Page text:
When startups scale their business, it is essential to make sure your employees join you on that journey, rather than leave them behind. Beyond memos and slack messages, most communication depends on what your employees hear and observe.
I have spent the last six years working with startups to help them with their communication strategy and outreach. One of the most interesting observations has been their commitment and focus on external communications and a rather lacklustre approach to internal communications.
This might be easier when you’re a small company with just enough employees to fill a small phone booth, but as you scale making sure your employee grow and evolve at the same rate of your business, involves a very precise internal communications strategy.
PR measurement isn’t as simple as counting coverage
Rather than go into the strategic aspect of the matter, here are some simple things to keep in mind when leading a growing company.
Different communication methods are necessary
We all have different ways of taking in information and being able to process it well. Some of us prefer to read, others prefer to listen, while some may even require charts and graphics, as they are more visual in nature. Personally, I prefer a mix of visual and written to get a good sense of the matter and visualise it.
If you want to be an effective communicator to a growing team, you need to be able to communicate on different channels, using multiple methods to get your point across in the most effective manner.
Body language matters
I have a problem with folding my arms when I’m concentrating. Folding your arms sends a subconscious signal to those around you that you are closed to new ideas or being defensive, so be aware of the unspoken messages you communicate to employees through your body language.
It is quite well-known that more communication occurs through body language than words. Smiling while talking, the way you listen, facial expressions and even walking fast communicate far more than you realise.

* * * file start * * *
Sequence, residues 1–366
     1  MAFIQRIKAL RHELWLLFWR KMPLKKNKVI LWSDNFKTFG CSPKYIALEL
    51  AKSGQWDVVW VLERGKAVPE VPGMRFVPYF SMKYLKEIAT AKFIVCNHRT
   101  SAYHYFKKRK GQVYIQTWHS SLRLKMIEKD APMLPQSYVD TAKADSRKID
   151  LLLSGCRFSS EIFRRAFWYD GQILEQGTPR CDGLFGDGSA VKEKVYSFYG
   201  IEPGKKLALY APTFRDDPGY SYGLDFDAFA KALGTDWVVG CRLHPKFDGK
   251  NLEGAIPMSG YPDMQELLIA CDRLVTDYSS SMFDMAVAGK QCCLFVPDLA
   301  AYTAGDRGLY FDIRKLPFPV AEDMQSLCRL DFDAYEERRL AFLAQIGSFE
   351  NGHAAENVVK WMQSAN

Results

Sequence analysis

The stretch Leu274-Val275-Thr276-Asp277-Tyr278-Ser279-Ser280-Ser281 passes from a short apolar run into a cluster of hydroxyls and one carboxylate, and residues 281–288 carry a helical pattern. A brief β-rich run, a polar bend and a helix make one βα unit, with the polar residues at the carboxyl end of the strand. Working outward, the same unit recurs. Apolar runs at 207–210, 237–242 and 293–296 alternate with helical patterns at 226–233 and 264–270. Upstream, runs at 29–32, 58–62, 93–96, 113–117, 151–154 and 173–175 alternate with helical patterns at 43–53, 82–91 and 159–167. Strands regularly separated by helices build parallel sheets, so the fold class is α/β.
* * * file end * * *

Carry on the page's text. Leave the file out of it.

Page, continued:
When creating rules or exceptions, always be clear
Growing startups have many similarities, regardless of industry. One of the similarities is that the pace of business quickens and decisions need to be made quickly. This is true for every single layer in your organization, from junior executive to VP to the CEO.
Being able to make a decision without fear of repercussion is crucial if you want the company to grow at any sort of pace because decision bottlenecks can kill companies.
So, remember to set your rules and exceptions very early and be explicitly clear on the core aspects of both. Your employees may need to make some judgment calls by themselves, but giving them the right framework is a key component of communication.
Learn how to get your startup featured in the news
Develop and share your growth plan
Your employees are either your partners in the business or a 9-5 person, whose job is to do what they’re told and collect a pay cheque at the end of the month.
I know which type of business I want to work for, so don’t forget to keep your employees in the loop throughout the entire process of growth. Developing a plan and vision for the company is essential to get people onboard the startup journey with you.
Sometimes people “not getting it” is your fault
One of the first mistakes I made at the beginning of my journey with SYNC was not being able to understand why some staff just did not seem to understand what I was saying. I’d repeat myself and then let frustration get the better of me.
After some self-reflection and an honest look at how I was running my own business, here’s what I realised:
- I was not being as clear as I thought I was. So explaining things with examples, analogies and even breaking out the whiteboard to diagram it out was useful explaining complex aspects of the business to people.
- SYNC has changed the communications and content game a lot, so a few people I hired were afraid or apprehensive of the difference in how we went about doing our work. This led to confusion and them “not getting it”. I took the time to first address their concerns rather than try to explain the concept, which helped remove the barriers to accepting the concept.
- The last and most brutal reason was that maybe some of my employees didn’t fully trust me. They were putting their career in my hands and their lack of trust can prevent my message going through clearly. There is no quick solution to this problem, but I’ve always maintained constant and open communication throughout, which has helped my employees understand my vision better and know that I want them on the ride with me.
Speak to a SYNC specialist to learn more about communications and building your brand story. Drop us an email at firstname.lastname@example.org
This article ‘Communication needs to evolve as you scale your startup’ was published on Tech Collective and has been edited slightly for SEO purposes.
Last updated 9 June 2020.